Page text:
Whereas the heroes in Avengers: Endgame stew for five years, our pandemic grief has barely taken us to the after-credit sequence. Someone page Captain Marvel, please.

Music

Between the Grooves of Nirvana's 'Nevermind'

Our writers undertake a track-by-track analysis of the most celebrated album of the 1990s: Nirvana's Nevermind. From the surprise hit that brought grunge to the masses, to the hidden cacophonous noise-fest that may not even be on your copy of the record, it's all here.

Music

Deeper Graves Arrives via 'Open Roads' (album stream)

Chrome Waves, ex-Nachtmystium man Jeff Wilson offers up solo debut, Open Roads, featuring dark and remarkable sounds in tune with Sisters of Mercy and Bauhaus.

Featured: Top of Home Page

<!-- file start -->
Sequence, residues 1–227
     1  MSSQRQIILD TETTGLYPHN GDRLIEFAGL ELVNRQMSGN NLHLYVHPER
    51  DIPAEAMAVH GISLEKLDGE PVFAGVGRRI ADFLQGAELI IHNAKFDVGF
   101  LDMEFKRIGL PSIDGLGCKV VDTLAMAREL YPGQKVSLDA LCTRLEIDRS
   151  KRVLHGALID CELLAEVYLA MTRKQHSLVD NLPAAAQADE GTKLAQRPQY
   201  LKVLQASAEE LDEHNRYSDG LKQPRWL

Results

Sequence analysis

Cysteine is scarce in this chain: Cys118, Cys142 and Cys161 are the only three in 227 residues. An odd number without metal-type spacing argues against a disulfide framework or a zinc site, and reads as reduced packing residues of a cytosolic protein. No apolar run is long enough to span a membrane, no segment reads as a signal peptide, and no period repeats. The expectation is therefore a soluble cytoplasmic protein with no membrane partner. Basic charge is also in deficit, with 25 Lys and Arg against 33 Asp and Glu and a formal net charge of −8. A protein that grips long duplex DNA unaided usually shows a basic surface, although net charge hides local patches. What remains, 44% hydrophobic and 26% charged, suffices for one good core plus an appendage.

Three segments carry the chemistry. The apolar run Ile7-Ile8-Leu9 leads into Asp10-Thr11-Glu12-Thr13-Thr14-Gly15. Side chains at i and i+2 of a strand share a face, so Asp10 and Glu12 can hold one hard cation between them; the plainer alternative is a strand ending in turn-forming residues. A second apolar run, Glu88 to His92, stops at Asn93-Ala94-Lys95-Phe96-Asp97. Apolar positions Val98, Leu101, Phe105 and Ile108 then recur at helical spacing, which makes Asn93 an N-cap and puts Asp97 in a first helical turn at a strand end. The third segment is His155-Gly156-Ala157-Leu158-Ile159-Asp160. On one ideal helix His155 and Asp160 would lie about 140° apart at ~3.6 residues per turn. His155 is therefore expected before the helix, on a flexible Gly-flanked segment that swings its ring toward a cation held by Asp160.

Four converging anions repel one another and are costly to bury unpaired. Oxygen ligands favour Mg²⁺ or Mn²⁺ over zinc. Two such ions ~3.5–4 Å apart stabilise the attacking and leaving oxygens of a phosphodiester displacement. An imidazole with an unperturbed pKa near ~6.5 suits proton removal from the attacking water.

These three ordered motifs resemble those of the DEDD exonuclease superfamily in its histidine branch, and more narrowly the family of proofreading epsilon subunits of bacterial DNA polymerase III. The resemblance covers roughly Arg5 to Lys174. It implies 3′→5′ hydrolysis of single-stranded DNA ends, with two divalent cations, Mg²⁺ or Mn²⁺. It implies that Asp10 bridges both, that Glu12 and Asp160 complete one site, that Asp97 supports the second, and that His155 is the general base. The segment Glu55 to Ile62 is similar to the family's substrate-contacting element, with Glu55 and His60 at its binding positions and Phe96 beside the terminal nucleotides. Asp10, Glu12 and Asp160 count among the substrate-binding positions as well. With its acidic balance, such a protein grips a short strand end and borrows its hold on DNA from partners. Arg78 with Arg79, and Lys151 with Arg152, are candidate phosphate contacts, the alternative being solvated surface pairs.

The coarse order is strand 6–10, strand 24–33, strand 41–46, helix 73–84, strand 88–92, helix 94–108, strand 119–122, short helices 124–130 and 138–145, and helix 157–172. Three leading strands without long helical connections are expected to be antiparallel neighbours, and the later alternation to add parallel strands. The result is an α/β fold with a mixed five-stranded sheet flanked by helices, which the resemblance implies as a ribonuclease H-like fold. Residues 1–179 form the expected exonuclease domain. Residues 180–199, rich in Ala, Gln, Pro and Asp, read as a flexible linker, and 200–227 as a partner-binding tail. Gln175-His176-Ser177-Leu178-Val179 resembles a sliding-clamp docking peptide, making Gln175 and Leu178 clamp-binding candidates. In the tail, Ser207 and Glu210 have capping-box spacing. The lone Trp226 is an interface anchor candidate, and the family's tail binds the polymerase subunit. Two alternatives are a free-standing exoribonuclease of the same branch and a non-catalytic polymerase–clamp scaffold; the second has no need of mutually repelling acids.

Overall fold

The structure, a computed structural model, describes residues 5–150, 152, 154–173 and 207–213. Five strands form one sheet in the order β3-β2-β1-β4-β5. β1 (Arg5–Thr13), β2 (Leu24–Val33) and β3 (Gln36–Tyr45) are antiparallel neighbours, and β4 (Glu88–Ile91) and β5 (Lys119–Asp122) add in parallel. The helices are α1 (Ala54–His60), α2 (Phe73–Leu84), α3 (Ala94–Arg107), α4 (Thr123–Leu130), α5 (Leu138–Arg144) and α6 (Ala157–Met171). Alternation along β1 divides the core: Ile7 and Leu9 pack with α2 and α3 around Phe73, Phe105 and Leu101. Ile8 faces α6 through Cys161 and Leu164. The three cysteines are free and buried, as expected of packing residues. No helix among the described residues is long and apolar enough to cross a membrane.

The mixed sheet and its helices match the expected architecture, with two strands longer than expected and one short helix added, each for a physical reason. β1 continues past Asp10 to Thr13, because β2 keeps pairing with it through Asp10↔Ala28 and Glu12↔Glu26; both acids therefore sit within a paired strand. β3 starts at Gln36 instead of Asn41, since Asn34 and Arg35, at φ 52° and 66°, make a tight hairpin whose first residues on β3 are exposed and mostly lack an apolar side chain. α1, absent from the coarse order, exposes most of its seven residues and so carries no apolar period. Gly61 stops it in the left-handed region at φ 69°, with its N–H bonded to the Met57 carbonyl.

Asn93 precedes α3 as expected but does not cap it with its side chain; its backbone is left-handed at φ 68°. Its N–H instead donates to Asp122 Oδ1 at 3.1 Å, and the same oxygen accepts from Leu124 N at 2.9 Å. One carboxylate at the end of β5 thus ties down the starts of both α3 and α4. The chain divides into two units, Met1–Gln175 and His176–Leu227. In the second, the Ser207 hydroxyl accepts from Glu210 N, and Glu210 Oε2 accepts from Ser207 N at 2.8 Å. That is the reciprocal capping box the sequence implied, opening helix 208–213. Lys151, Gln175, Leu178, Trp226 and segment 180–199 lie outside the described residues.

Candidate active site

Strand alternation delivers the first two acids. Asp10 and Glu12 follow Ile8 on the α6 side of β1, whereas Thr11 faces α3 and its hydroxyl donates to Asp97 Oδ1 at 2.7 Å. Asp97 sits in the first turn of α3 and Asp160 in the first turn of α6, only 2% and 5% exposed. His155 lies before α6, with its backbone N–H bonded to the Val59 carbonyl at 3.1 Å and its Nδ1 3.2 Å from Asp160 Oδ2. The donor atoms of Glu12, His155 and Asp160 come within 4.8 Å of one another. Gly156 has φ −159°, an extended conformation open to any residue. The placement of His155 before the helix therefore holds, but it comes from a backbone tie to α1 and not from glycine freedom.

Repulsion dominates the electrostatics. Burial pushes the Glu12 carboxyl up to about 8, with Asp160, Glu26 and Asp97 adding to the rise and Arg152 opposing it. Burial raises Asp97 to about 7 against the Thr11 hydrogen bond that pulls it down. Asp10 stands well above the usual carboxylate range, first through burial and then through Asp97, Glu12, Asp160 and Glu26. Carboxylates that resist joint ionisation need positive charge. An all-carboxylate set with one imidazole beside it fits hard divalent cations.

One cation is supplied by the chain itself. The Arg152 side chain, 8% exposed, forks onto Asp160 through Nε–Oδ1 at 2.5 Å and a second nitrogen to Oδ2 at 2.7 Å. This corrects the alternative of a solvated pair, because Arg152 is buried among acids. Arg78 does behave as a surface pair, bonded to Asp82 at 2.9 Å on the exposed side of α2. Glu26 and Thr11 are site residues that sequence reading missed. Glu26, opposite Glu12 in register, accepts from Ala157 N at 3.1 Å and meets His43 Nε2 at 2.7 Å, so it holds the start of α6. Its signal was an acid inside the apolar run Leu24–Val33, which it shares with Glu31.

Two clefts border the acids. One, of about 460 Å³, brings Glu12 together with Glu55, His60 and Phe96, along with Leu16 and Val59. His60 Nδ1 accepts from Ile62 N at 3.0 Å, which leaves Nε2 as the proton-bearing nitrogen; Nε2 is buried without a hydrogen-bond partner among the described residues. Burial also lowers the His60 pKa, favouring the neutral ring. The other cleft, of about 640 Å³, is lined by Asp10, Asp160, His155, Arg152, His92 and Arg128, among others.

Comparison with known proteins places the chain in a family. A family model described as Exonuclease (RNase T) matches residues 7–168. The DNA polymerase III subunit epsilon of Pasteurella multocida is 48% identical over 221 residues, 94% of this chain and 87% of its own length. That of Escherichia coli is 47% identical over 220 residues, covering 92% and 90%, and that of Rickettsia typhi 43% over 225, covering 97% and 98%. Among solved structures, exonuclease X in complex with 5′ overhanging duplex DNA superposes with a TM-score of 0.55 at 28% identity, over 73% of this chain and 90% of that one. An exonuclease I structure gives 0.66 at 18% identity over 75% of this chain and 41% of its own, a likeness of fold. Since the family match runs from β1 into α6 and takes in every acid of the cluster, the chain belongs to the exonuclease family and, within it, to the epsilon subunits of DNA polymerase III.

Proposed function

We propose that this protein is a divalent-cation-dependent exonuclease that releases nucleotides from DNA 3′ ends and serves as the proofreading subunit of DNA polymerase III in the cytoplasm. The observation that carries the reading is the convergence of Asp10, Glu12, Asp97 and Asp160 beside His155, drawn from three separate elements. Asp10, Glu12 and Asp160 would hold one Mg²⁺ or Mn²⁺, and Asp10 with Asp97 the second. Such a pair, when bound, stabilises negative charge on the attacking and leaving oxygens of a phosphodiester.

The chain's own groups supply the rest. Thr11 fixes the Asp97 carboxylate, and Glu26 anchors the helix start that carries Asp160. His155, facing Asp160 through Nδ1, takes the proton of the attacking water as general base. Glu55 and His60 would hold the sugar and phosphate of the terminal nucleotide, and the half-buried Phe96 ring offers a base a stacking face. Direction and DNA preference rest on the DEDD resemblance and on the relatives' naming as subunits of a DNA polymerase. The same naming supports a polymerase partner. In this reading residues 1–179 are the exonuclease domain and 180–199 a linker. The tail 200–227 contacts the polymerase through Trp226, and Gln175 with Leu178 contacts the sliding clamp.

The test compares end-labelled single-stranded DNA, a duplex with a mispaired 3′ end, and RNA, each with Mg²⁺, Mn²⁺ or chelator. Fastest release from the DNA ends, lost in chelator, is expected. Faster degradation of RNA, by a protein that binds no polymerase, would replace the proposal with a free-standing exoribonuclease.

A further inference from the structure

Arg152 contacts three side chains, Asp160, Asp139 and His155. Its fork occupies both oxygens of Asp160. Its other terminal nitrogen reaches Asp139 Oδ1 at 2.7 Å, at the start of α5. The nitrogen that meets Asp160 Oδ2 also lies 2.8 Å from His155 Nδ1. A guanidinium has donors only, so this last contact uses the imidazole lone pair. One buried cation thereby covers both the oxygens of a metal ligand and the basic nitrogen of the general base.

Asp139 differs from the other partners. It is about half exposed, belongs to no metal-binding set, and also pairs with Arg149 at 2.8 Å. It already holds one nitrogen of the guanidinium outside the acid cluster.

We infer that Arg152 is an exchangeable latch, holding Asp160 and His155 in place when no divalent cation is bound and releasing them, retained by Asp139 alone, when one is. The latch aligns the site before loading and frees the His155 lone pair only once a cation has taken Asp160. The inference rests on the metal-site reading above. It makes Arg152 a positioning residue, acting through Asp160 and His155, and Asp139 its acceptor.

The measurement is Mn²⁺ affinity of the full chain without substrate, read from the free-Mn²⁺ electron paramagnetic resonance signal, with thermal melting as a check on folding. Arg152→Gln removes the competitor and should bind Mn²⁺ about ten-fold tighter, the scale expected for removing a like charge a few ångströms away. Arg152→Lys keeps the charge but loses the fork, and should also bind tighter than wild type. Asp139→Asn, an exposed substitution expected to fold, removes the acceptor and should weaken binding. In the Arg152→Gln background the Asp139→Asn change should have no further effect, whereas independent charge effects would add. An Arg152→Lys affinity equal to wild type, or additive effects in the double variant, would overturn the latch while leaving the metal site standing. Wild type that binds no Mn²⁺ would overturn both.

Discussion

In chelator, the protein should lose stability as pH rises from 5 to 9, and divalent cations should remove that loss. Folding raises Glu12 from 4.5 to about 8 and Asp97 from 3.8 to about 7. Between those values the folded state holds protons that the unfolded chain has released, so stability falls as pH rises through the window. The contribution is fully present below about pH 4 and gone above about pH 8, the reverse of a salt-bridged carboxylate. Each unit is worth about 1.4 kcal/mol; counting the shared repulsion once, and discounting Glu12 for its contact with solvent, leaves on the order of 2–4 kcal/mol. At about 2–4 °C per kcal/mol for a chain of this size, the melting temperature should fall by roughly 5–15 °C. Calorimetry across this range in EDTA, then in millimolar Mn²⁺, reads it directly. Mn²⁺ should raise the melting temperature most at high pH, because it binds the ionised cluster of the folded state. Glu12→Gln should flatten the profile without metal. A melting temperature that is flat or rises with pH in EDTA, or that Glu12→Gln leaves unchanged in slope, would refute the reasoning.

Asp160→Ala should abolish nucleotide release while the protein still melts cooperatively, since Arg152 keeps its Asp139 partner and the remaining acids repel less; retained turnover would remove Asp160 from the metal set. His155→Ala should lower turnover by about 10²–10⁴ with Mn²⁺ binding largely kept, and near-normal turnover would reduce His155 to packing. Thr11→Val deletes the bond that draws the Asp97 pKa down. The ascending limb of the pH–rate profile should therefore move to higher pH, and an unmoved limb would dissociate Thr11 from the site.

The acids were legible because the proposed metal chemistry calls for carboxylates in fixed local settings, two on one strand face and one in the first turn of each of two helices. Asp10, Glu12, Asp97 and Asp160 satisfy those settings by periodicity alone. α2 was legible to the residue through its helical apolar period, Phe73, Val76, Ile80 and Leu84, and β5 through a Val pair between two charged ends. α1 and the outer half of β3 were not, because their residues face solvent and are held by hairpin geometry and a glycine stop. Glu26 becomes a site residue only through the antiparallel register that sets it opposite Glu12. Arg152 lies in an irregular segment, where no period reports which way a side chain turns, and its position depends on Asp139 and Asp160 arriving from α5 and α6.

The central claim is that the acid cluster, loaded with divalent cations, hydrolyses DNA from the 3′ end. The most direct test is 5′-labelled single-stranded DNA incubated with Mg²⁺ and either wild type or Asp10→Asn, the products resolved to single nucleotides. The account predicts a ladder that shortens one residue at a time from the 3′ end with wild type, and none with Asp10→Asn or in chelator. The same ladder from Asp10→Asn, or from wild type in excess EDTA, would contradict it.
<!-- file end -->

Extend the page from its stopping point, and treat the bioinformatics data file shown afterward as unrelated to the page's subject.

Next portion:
The 50 Best Albums of 2020 So Far

Even in the coronavirus-shortened record release schedule of 2020, the year has offered a mountainous feast of sublime music. The 50 best albums of 2020 so far are an eclectic and increasingly "woke" bunch.

Books

First Tragedy, Then Farce, Then What?

Riffing off Marx's riff on Hegel on history, art historian and critic Hal Foster contemplates political culture and cultural politics in the age of Donald Trump in What Comes After Farce?

Reviews

HAIM Create Their Best Album with 'Women in Music Pt. III'

On Women in Music Pt. III, HAIM are done pretending and ready to be themselves. By learning to embrace the power in their weakest points, the group have created their best work to date.

Music

Amnesia Scanner's 'Tearless' Aesthetically Maps the Failing Anthropocene

Amnesia Scanner's Tearless aesthetically maps the failing Anthropocene through its globally connected features and experimental mesh of deconstructed club, reggaeton, and metalcore.

Reviews
Collapse Expand Reviews

Features
Collapse Expand Features
PM Picks
Collapse Expand Pm Picks

© 1999-2020 PopMatters.com. All rights reserved.
PopMatters is wholly independent, women-owned and operated.